Braves Play It Safe and Keep Nick Markakis

Everything here is always handled on a case-by-case basis, but there are certain free-agent contracts that get signed that just don’t rise to the threshold where we feel like it’s worthy of a post. Martin Perez recently signed one of those contracts with the Twins. Wilmer Flores recently signed one of those contracts with the Diamondbacks. Jordy Mercer signed one of those contracts with the Tigers. Matt Adams signed one of those contracts with the Nationals. Editorially, some moves have it, and some moves don’t. You sort of know them when you see them.

Interestingly enough, Nick Markakis has now signed one of those contracts with the Braves. Or, you’d think so, based on the terms — Markakis will make $4 million in 2019, and then there’s a $6-million club option for 2020, with a $2-million buyout. This is in that money range where we frequently ignore the transaction. But Markakis is again going to be a regular player. And he’s also coming off a year in which he made the All-Star Game for the first time in his 13-season career. It’s almost impossible to suggest the Braves aren’t getting a team-friendly deal. Markakis was evidently willing to take a discount. This just isn’t the impact move Braves fans have been looking for. It’s re-signing a 35-year-old Nick Markakis.

Markakis’ age didn’t work in his favor as a free agent. Neither did his modest power, nor his second-half decline. It always made sense that both parties might circle back, given their mutual familiarity. The Braves had a gaping hole in the outfield. They had hoped that Adam Duvall might take over in a corner, but nothing he did in 2018 went in a positive direction. They ultimately settled on Markakis, and Markakis ultimately settled on a return. He’s not going to start 162 games again, but he’ll probably come awfully close.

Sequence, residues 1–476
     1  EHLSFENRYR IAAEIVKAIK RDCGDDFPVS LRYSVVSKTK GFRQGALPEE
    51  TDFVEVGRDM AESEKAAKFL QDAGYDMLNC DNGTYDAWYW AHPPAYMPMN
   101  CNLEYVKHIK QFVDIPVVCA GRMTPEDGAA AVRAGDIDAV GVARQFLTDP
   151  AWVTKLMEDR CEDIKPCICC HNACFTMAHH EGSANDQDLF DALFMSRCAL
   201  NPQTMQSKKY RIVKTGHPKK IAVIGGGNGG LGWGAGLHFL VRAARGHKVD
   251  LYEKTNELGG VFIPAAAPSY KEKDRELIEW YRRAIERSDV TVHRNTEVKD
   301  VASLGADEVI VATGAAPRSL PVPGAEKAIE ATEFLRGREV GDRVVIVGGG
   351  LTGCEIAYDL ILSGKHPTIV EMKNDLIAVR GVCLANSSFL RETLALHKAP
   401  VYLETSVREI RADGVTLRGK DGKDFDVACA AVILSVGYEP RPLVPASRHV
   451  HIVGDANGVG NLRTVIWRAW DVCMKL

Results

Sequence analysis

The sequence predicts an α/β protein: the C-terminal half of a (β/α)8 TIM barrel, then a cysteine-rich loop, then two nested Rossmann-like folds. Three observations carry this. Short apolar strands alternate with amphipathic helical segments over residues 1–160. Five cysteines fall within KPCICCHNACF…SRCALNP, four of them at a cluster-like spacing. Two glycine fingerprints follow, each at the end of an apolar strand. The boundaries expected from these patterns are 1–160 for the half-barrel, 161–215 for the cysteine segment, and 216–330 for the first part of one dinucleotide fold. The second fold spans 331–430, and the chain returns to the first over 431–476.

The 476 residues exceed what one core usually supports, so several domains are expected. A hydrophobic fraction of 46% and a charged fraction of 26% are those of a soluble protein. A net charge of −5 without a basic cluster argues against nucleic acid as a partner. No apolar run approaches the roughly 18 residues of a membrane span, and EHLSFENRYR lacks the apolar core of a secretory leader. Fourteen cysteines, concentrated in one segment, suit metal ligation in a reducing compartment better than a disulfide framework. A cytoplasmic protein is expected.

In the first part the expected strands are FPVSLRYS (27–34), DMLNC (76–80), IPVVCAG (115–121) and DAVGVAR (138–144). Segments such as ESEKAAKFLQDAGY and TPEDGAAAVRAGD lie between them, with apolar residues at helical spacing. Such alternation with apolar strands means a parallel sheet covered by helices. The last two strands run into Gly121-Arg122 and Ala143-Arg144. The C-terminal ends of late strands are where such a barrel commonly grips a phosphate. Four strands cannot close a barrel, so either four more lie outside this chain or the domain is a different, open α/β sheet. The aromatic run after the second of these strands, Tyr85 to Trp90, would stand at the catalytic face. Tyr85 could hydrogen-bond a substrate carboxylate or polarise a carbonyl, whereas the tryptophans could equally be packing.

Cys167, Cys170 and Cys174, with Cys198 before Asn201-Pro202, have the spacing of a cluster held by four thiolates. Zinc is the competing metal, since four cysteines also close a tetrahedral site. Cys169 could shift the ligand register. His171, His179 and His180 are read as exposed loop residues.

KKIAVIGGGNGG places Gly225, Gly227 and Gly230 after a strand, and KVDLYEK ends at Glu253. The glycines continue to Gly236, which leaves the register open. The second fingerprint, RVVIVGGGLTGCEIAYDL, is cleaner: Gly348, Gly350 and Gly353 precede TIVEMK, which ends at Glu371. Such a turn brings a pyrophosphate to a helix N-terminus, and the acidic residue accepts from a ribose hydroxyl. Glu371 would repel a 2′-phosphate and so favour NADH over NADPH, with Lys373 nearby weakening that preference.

I don’t think it’s fair to focus on a bad second half without spending equal time focusing on a strong first half. Markakis was, overall, a good baseball player. By our calculations, he was worth 2.6 WAR. He’d been worth 3.1 WAR the previous three seasons combined. A repeat year is unlikely, but at least the Braves know the profile will remain unchanged. Markakis is one of the game’s more consistent contact hitters. He just ranked in the 77th percentile in expected wOBA, and over the past three years, he ranks in the 64th percentile in the same stat. He’s a fine hitter with limited upside beyond. He’s still a capable, if unspectacular, defender on the grass. There’s not that much necessarily separating Nick Markakis and Michael Brantley, and Brantley got $32 million from the Astros.

What Markakis doesn’t offer is star potential. He’s going to be a steady, line-drive hitter, who’ll probably experience age-related decline. Markakis plugs a hole, but he doesn’t turn right field into a strength. Braves fans are eager for a new strength, given what’s going on in their division. At least this shouldn’t close many doors.

I’ll also say that perhaps the Braves made their splash when they landed Josh Donaldson. Donaldson is, of course, a risk to get injured, but according to our Steamer/600 projections, he’s baseball’s 15th-best position player, at 4.4 projected WAR. Manny Machado‘s at 4.8. Bryce Harper’s at 4.7. Donaldson is sandwiched between Carlos Correa and Aaron Judge. He could end up being one of the most significant moves of the winter. Just because it happened a while ago doesn’t mean it isn’t still relevant.